Tuesday, March 31, 2009

The Consequences of Being an Uninformed Shopper

This post is the start of a series of information from a speech I gave for a class last year. (It still remains in the speech format)

Sixty-nine percent of you (my class) said you relatively do not know where the products you buy come from. You may know that you bought that banana at Wal-Mart, or that shirt from Express, but you have no idea who made it or who worked in the fields or for how much.
Even a popular clothing store, The Gap, in 2004 admitted to widespread problems - from unsafe machinery to child labor violations - in the thousands of factories it uses around the world to produce clothing (Teather). Today I would like to share with you the issue of passive consumerism and how through our multiple purchases, things like child labor, under pay, and adverse working conditions go unnamed.

Surprisingly child labor still exists in the world today. An estimated 211 million children between the ages of 5 and 14 are working around the world according to the International Labor Organization (Batstone). An article in USA Today, reported a discovery of children as young as 10 sewing clothes for clothing retailer Gap Inc. in a New Delhi factory (India). Children working at such young ages mean that they are not being educated, ruining their future to get a better job. Not only are they working, but The Child Rights Information Network states that 126 million children from the ages 5 to 17 work in hazardous conditions (Child).

Not only are children forced to work, but also the entirety of the work force is being affected negatively. Much of this is due to the fact that we want things cheap causing those providing all of our stuff to get paid cheaply. Also due to lack of funding or care, working conditions are harsh. Companies like Wal-Mart supply many resources. This means that many workers are paid up to 30 percent below their country's legal minimum wage (Creating). We know that when companies outsource they are able to pay workers less because the country’s standard of living is much less. Yet many companies are not even paying to match the country’s standard of living.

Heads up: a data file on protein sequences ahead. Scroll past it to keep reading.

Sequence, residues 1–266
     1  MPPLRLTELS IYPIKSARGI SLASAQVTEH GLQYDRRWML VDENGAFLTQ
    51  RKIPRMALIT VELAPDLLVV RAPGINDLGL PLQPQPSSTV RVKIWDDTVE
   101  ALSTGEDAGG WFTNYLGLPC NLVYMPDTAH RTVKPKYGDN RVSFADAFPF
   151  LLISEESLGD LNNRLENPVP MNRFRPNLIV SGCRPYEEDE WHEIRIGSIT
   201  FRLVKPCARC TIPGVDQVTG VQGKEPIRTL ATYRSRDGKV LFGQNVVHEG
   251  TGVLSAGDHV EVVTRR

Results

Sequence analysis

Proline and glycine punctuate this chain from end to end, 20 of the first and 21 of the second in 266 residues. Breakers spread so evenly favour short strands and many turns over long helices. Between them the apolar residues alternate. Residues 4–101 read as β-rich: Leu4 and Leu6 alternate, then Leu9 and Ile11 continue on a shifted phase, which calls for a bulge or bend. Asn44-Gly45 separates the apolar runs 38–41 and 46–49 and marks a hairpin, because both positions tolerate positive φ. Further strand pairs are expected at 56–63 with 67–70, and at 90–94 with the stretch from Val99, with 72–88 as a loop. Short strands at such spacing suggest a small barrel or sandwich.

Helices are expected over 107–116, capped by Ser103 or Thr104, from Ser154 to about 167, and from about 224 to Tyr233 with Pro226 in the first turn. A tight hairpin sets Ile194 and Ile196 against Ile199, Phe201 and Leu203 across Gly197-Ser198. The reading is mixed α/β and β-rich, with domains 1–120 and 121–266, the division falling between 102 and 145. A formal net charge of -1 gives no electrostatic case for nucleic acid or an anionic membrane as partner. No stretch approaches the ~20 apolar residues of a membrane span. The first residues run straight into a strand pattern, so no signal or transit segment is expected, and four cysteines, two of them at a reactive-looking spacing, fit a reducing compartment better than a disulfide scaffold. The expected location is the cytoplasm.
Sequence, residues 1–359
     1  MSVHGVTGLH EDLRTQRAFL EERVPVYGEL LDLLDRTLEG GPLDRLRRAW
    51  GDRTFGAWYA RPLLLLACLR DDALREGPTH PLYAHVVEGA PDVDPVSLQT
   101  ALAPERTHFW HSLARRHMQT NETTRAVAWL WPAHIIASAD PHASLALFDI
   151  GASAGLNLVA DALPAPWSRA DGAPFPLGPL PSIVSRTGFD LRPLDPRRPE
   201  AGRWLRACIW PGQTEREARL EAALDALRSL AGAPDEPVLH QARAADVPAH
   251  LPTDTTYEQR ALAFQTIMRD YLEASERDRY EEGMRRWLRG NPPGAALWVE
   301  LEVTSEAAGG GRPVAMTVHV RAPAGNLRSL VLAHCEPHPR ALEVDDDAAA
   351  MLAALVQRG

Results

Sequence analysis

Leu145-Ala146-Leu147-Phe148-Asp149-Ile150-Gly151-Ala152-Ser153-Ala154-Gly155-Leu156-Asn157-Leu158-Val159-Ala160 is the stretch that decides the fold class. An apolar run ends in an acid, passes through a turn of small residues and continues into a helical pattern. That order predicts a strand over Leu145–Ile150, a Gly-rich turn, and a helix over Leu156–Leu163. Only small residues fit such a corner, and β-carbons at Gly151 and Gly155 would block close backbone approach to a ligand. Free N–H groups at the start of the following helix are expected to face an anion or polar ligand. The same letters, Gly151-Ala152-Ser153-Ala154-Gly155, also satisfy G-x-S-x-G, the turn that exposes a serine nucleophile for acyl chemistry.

Workers also are forced to work long hours; often 16 to 18 hours a day and do not get paid over time (Creating).
Women are not only underpaid, but in many cases paid less than men. They also deal with sexual harassment in the workplace, and workplace-related sexual violence (Rights).
According to the International Labor Rights Forum under its Wal-Mart Campaign they state that, “the health clinics that many countries require their factories to have often do not exist and workers are not provided with basic safety equipment, such as dust masks (Creating)”. In many factories, workers are required to have a pass or a permit to go for a timed bathroom break.

There is a problem and we are all a part of it. We all consume. Simply being an American most likely means that we consume a lot. Being human means we like things to be cheap. This desire for many cheap goods has helped child labor thrive, drove workers’ pay down, and taken the time away for regulations that ensure healthy working conditions. We unknowingly support this with our daily purchases.

Works Cited
Batstone, David. "Stop Child Labor - Cocoa Campaign." International Labor Rights Forum. 11 Apr. 2008. Child Labor. 12 Apr. 2008 .
"Child Labour." Child Rights Information Network. 2008. CRIN. 6 Apr. 2008 .
"Creating a Sweat Free World - Wal-Mart Campaign." International Labor Rights Forum. 2007. Labor. 2 Apr. 2008 .
"India Activists Decry Gap Child Labor." USA Today. 2007. News. 1 Apr. 2008 .
"Rights for Working Women." International Labor Rights Forum. 2007. Labor. 9 Apr. 2008 .
Teather, David. "Gap Admits to Child Labour Violations in Outsource Factories." The Guardian. 13 May 2004. News. 2 Apr. 2008 .

(The next post will have some solutions to this problem.... sorry this is not written like a paper format... pretend you're hearing a speech :)

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